The history of the hypertext has been very rich and has witnessed many transitions since its inception. The early systems developed for hypertext were massive and closed, however, the modern researchers and developers have introduced more openness and flexibility in the current system. The current systems can be integrated with different tools for example text editors, browsers, etc. Hypertext, at first was not coupled with such graphical support as we experience in the current systems .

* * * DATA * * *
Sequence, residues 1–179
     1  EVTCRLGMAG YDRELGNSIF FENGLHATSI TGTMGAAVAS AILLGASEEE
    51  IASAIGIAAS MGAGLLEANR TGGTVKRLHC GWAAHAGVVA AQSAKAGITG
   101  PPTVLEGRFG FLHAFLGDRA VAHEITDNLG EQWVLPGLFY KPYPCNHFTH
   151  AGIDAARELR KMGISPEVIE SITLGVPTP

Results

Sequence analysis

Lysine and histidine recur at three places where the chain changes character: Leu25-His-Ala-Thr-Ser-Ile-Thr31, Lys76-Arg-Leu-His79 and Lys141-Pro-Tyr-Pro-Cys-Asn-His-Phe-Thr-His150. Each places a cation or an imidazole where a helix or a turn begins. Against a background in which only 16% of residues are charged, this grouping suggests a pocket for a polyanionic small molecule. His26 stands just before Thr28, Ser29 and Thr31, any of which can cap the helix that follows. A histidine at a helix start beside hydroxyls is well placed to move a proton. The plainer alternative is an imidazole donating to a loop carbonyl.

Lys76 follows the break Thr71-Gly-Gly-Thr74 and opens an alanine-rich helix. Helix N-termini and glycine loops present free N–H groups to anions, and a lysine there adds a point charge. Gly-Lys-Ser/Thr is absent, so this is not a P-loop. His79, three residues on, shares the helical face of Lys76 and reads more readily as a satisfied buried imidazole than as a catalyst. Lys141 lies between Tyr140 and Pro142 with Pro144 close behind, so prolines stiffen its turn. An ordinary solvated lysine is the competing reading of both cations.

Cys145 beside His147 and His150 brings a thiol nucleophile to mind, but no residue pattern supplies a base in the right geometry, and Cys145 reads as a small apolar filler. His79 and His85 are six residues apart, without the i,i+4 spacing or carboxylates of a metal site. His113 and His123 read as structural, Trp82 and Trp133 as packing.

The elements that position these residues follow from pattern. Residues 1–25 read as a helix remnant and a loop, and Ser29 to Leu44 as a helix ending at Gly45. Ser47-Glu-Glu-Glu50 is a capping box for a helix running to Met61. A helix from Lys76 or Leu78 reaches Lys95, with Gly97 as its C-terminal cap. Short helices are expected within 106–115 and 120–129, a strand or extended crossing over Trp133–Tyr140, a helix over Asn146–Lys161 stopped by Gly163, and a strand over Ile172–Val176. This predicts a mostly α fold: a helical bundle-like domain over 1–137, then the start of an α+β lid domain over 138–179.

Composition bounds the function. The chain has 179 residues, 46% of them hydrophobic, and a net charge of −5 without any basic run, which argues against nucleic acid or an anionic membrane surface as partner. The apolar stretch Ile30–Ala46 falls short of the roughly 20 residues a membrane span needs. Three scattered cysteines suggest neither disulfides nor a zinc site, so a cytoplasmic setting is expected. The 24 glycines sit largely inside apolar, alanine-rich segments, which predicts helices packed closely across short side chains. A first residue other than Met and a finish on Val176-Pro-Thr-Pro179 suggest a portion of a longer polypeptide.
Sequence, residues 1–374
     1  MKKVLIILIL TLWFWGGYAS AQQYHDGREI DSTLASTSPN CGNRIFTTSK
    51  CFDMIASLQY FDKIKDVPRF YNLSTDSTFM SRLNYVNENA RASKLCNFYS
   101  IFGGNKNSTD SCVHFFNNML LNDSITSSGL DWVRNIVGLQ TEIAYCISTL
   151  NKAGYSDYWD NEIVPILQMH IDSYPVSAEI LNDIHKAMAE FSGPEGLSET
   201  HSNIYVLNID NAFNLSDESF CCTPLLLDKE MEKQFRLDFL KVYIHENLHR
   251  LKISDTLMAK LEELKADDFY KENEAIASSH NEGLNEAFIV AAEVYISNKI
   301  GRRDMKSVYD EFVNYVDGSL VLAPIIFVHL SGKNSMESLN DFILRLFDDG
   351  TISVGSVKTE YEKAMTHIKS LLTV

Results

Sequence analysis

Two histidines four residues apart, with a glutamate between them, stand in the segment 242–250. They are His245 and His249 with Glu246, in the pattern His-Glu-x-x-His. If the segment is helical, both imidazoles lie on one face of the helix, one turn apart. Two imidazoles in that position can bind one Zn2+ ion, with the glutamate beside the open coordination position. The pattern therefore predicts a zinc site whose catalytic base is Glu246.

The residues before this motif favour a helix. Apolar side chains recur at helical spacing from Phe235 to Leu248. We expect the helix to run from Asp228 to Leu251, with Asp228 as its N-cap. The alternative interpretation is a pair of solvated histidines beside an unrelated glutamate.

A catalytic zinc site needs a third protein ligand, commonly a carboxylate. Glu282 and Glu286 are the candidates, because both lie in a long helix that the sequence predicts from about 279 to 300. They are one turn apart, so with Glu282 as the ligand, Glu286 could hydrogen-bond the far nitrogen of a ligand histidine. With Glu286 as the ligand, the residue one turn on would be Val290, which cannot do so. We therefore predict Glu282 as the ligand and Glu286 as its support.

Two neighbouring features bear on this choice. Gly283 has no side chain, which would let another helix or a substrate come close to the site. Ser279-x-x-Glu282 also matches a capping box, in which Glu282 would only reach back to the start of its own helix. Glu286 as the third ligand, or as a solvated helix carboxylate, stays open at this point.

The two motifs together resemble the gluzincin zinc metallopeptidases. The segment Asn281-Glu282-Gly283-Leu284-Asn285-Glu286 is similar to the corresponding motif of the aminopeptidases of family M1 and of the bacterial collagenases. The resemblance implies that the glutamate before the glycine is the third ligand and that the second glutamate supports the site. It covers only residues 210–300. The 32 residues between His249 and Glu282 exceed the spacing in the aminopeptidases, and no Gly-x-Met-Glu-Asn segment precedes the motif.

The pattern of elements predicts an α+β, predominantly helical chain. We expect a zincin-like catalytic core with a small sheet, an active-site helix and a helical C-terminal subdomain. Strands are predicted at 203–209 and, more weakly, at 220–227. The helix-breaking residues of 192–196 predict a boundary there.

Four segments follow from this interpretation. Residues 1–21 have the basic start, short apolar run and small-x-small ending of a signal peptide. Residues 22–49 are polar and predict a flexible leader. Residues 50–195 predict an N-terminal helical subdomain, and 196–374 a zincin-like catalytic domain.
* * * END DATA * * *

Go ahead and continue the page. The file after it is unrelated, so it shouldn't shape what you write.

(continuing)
Vannevar Bush can be termed as the ‘grandfather’ of hypertext as he was the man who proposed a system ‘Memex’ 1 in 1945, which we now describe as hypertext system. This idea was devised due to his worries about scientific information overload and incapability for even the specialist to follow the developments in a particular field. Then after twenty years, Doug Engelbart started his work in 1962 towards such ideas. In 1965, the word hypertext was given by ‘Ted Nelson’. who is known as an early hypertext pioneer. He developed the Xanadu system with the basic idea that everything that anybody has ever written should be under one medium to facilitate comprehensive research. A very well known commercial product ‘Knowledge Management System’ came out in 1983. it was meant to manage large hypertexts with tens of thousands of nodes. Then in 1986. Guide became the first well-known commercial hypertext system. it was released for Macintosh. The guide had the support for 3 different types of hypertext link: Replacement, pop-ups, and jumps. Then finally the 1990s witnessed rapid development in hypertext under the specifications of Tim Berners-Lee. Mosaic became the widely used browser for WWW in Jan 1993. The main difference of success of WWW as compared to Xanadu has been its open system nature and ability of backward compatibility with legacy data . . .